“This follicular regenerative approach is intriguing and raises the possibility that one can drive or restore the hair cycle in male and female pattern baldness by stimulating the niche with autologous fat enriched with SVF. In this first of a kind patient series, the authors report on the safety, tolerability, and quantitative, as well as photographic changes, in a group of patients with early genetic alopecia treated with subcutaneous scalp injection of enriched adipose tissue. The findings suggest that scalp stem cell-enriched fat grafting may represent a promising alternative approach to treating baldness in men and women.”
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This data suggests that injecting belly fat into the scalp can increase hair growth in patients suffering male or female pattern baldness.
But how can you increase subcutaneous fat in the scalp from home?
Many people want to know what they can do at home with this treatment option. Sad to say that really isn’t much one can do without going to a doctor/surgeon. The only way to effectively and safely increase the fat content in the scalp is to get fat injections.
Doctors can take fat from another part of the body and transplant that fat into the scalp. This is usually taken from the abdominal area due to the higher fat content and also because the fat cells belong to the patient, and are therefore more likely to be accepted in the scalp by the body’s immune system.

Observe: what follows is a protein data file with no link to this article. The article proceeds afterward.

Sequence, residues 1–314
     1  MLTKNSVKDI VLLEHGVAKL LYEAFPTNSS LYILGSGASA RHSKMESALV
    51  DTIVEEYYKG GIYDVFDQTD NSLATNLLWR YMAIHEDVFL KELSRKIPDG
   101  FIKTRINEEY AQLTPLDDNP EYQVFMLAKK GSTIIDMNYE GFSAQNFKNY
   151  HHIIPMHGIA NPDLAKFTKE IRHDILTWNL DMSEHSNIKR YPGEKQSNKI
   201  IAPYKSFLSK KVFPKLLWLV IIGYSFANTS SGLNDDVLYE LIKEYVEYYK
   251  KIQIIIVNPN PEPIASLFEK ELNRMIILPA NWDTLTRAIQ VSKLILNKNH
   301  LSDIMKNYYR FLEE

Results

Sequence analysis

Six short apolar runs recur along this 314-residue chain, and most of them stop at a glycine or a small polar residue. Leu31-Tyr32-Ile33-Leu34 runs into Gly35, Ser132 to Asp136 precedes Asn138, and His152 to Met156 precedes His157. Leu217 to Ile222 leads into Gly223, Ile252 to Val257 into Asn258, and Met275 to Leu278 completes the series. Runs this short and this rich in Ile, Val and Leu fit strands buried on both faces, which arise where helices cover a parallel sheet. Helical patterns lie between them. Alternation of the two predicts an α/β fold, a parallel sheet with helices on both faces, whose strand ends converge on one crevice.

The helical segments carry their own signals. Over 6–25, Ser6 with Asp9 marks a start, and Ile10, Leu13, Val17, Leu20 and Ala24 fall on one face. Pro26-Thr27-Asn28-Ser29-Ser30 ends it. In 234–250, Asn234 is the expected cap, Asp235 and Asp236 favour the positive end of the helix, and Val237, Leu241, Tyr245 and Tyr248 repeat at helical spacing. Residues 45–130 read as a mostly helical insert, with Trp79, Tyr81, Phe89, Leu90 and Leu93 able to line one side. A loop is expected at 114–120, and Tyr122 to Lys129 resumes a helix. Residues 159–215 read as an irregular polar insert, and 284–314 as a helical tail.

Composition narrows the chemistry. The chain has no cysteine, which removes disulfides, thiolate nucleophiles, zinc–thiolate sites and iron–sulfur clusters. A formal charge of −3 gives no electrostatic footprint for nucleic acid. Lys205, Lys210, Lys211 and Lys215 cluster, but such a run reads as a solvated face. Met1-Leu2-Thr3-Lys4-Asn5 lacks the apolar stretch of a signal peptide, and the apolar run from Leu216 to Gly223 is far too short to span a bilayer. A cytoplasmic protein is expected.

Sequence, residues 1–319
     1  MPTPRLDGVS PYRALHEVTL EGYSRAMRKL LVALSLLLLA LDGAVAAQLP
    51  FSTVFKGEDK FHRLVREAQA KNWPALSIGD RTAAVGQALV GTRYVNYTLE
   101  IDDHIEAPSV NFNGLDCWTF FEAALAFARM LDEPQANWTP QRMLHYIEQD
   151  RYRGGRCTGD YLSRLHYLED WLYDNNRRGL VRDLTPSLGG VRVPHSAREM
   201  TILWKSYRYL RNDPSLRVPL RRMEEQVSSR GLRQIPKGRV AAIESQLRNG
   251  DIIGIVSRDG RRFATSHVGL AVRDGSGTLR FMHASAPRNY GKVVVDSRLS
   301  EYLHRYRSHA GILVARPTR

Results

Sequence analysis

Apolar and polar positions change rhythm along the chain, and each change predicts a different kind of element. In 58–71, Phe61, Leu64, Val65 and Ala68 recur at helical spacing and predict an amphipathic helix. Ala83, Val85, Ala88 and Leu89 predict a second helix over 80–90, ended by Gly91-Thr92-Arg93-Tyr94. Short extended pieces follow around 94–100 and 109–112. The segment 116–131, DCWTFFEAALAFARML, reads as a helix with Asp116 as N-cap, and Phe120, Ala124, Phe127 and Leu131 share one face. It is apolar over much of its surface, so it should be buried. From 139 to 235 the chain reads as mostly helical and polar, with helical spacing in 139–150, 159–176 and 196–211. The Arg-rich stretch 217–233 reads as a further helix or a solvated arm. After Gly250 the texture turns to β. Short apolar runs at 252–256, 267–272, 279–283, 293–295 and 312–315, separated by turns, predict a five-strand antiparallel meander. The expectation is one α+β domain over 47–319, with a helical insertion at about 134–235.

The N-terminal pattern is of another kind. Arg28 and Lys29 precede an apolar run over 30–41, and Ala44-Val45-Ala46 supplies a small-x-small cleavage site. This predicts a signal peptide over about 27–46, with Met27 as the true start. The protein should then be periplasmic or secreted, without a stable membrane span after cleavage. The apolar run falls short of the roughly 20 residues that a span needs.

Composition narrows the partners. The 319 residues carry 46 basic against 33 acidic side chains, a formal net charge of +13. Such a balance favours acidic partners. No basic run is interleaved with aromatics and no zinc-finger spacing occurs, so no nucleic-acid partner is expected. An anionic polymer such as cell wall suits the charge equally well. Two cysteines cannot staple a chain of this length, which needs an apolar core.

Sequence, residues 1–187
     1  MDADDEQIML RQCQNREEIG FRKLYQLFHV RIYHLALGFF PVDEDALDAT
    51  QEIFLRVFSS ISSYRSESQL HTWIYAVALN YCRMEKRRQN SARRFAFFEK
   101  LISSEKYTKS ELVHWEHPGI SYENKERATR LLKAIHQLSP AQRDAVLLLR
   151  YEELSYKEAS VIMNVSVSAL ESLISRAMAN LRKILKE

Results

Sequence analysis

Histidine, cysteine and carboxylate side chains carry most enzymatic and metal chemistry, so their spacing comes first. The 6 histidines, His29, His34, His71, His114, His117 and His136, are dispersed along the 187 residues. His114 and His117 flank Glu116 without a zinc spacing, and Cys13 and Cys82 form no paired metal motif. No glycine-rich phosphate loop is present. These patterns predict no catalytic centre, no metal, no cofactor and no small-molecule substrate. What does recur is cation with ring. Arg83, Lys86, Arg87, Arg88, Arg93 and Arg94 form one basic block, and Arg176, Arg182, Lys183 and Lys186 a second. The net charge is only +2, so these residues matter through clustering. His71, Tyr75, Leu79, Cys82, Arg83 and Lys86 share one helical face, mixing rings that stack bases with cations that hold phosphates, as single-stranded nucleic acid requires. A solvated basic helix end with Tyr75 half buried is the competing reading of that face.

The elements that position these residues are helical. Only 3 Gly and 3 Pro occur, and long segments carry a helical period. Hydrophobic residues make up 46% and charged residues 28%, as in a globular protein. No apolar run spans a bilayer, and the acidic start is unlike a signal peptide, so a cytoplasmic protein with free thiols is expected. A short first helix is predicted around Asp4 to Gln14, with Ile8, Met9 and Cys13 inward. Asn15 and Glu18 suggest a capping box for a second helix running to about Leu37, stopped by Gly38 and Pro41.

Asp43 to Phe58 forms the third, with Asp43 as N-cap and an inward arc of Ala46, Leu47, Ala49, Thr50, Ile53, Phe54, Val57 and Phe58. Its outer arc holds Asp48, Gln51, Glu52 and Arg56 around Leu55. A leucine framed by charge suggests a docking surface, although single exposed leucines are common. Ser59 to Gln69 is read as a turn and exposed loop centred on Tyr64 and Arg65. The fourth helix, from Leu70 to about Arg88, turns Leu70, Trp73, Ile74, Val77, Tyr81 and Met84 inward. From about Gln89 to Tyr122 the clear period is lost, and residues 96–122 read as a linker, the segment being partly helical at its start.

Adding stem cells to the fat
Before it is injected back into the scalp, the fat is generally foritified with stem cells. These cells are called Adipose-derived regenerative cells, also known as stromal vascular fraction, or SVF. It has been shown through testing that the fortified fat is more effective than fat alone. As the 2017 study as shown:
In this pilot case series, a mean increase of 31 hairs/cm2 of scalp (represents a 23% relative percentage increase) is documented in patients undergoing treatment of fat plus SVF. In comparison, the one subject who had fat alone documented a mean increase of 14 hairs/cm2 of scalp, suggesting that while fat alone may represent an approach for early baldness, addition of SVF may enhance this response.
Surely anyone could do this at home?
If you’re prepared to do a bit of DIY surgery it should be relatively easy to perform this operation on yourself. All it requires is a needle and some knowledge about locating subcutaneous fat for extraction and knowing where it needs to be injected into the scalp.
Essential Fatty Acids
A November 2012 study titled Unraveling hair follicle-adipocyte communication, mentioned that mice with lesser fat in their tissues experience hair loss.
“Mouse models with defects in intradermal adipocytes have been reported. For instance, transgenic mice overexpressing human apolipoprotein C-I in the skin, fatty acid transport protein (FATP)-4-deficient mice, and Dgat1−/− or Dgat2−/− mice21,22 have decreased intradermal adipose tissue due to defects in lipid accumulation in mature adipocytes. Interestingly, these mice also display abnormalities in skin structure and function such as hair loss”
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This shows that skin cells that are devoid of essential fatty acids results is hair loss in otherwise healthy mice. But this is not what we’re talking about here.
References and further reading